It is well known that a lack of coordination and information sharing among facilities with conflicting objectives is a major cause of large logistic inefficiencies in a supply chain. It is therefore often emphasized that a shift from the traditional approach of localized planning to a global, integrated solution is one way in which systemwide costs can be greatly reduced. Subsequently, a large body of research exists on integrated optimization problems in logistics and supply chain management that integrate the decisions of production, inventory, distribution and facility location in different ways. In practice, however, integration significantly increases the complexity of the entire decision making process as more coordination and information sharing is needed. The question naturally arises: how can we quantify the value of integration in order to support the strategic decision to shift from localized planning to integrated planning? In this talk we will present some initial results on quantifying the value of integration using realistic data from different industries. We compare the cost-savings of several possible levels of integration, where we use mixed integer programming (MIP) formulations to solve the resulting planning problems. We will address the question of whether or not there is a relationship between a good way of integrating decisions and certain features of the supply chain.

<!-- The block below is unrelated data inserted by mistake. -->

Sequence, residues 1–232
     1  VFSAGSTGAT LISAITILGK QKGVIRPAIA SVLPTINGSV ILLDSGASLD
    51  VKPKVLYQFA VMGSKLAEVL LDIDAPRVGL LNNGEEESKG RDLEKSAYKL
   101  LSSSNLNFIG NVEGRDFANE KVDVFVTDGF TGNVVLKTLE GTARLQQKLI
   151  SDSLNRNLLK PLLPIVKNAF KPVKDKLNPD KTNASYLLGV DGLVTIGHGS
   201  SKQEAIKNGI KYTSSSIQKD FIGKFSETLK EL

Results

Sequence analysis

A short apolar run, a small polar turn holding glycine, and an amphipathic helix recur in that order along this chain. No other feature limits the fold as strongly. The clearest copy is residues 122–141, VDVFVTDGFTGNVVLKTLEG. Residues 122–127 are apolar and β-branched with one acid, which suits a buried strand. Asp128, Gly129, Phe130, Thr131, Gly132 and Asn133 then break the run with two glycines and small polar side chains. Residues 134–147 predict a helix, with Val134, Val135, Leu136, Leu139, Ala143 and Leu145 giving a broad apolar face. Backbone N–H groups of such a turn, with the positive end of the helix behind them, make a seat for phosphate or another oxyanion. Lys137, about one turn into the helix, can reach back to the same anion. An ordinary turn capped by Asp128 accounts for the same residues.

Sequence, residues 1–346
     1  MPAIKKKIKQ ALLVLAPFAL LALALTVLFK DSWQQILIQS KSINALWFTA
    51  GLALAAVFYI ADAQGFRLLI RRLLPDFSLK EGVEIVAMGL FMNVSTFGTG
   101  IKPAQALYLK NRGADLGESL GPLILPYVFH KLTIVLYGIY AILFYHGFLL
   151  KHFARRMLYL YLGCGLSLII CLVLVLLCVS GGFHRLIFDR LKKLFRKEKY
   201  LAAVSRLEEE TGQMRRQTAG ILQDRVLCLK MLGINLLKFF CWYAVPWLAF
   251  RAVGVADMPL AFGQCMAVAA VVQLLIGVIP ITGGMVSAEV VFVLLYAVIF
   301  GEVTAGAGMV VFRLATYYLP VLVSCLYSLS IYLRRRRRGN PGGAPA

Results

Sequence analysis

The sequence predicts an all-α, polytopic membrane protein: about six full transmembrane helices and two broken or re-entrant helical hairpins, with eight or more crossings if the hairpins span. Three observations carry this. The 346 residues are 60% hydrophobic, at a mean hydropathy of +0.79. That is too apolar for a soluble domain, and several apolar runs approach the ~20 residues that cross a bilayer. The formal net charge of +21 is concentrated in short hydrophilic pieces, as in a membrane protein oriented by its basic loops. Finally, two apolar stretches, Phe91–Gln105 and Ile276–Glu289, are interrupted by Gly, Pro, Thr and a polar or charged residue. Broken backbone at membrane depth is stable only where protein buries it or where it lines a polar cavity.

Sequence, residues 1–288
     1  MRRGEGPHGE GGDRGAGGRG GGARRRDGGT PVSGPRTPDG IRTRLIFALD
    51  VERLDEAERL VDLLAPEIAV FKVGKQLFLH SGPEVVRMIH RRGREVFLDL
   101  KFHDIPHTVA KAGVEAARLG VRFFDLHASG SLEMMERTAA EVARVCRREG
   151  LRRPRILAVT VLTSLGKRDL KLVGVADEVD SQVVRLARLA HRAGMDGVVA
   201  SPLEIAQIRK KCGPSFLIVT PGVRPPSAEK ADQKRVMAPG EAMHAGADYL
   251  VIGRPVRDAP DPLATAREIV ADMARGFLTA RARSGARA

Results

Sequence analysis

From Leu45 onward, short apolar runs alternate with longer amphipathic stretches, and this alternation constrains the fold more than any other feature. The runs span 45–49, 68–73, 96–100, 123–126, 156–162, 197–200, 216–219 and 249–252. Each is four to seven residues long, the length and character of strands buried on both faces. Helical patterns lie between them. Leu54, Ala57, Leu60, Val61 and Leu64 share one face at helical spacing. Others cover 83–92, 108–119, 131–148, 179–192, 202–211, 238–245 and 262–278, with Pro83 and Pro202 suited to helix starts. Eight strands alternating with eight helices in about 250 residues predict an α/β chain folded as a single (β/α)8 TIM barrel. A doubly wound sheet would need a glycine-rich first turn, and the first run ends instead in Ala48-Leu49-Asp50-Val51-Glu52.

|Publication status||Published - 2018|
|Event||29th European Conference On Operational Research - Valencia, Spain|
Duration: 8 Jul 2018 → 11 Jul 2018
Conference number: 29
|Conference||29th European Conference On Operational Research|
|Period||08/07/2018 → 11/07/2018|